By Robert Mugge
In 1990, commissioned by Dave Stewart of Eurythmics, veteran music film director Robert Mugge and renowned music scholar Robert Palmer ventured deep into the heart of the North Mississippi Hill Country and Mississippi Delta to seek out the best rural blues acts currently working. Starting on Beale Street in Memphis, they headed south to the juke joints, lounges, front porches, and parlors of Holly Springs, Greenville, Clarksdale, Bentonia, and Lexington. Along the way, they visited celebrated landmarks and documented talented artists cut off from the mainstream of the recording industry. The resulting film expresses reverence for the rich musical history of the region, spotlighting local performers, soon to be world-renowned, thanks in large part to the film, and demonstrating how the blues continues to thrive in new generations of gifted musicians.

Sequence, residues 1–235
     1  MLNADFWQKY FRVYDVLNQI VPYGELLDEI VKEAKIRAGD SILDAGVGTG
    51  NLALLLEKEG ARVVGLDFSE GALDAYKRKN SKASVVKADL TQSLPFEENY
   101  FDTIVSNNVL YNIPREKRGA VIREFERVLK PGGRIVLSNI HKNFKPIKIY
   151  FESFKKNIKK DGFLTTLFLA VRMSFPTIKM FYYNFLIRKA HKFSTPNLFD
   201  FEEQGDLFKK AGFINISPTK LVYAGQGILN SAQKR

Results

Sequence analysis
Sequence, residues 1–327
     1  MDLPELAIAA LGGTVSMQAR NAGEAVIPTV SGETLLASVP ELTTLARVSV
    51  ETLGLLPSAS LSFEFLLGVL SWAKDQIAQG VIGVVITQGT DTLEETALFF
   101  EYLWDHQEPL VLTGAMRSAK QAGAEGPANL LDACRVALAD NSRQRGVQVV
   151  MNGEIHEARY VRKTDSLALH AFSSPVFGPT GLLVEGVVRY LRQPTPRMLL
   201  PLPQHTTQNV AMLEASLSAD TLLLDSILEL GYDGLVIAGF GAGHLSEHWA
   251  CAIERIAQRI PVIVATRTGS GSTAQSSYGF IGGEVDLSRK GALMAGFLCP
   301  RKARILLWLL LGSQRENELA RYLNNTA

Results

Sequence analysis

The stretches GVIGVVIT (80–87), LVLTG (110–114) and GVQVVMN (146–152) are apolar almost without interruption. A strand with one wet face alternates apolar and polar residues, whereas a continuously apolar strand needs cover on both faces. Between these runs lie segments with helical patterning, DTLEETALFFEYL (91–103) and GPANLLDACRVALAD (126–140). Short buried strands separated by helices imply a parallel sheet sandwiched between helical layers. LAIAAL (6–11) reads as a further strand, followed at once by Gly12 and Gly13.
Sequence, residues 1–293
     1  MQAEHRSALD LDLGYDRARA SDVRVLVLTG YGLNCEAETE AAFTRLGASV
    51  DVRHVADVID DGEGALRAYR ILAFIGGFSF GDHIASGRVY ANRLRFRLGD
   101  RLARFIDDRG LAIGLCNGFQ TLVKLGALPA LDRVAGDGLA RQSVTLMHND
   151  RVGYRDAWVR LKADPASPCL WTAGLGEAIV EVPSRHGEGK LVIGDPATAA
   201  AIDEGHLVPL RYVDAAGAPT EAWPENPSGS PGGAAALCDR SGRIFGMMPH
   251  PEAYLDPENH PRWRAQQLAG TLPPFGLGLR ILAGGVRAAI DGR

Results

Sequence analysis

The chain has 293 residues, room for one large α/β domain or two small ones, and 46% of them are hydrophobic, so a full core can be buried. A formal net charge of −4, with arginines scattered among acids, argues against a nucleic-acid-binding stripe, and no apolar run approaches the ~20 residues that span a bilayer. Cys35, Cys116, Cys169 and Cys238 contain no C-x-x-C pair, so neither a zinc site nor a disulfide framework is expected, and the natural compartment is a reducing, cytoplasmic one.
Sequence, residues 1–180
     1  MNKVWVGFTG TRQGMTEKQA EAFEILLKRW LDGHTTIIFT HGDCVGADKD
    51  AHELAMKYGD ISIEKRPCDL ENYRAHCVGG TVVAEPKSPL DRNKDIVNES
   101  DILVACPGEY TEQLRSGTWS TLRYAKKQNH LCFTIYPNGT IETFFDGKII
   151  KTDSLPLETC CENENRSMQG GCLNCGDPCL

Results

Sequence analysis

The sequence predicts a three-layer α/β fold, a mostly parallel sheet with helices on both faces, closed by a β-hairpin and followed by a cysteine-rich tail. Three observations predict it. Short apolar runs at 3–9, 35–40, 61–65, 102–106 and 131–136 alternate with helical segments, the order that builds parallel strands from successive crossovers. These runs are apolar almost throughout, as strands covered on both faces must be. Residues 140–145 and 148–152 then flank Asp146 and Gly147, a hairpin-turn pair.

Sundance Film Festival 1992 – Nominated for the Grand Jury Prize
« "An expert, guided tour of those areas of the Deep South where old-time blues music flourishes, the film visits backwoods juke joints and urban honky-tonks where the music, often performed with antiquated technology, lives on as an everyday expression of people's lives." » - Stephen Holden, The New York Times
« "Loaded with performance and history, "Deep Blues" is deep indeed." » - Richard Harrington, Washington Post
« "Robert Mugge's "Deep Blues" is a movie no blues lover, no popular music aficionado, and no devotee of American culture and folkways should miss. It's a genuine document, deep and earthy; a peek into our national soul." » - Michael Wilmington, Los Angeles Times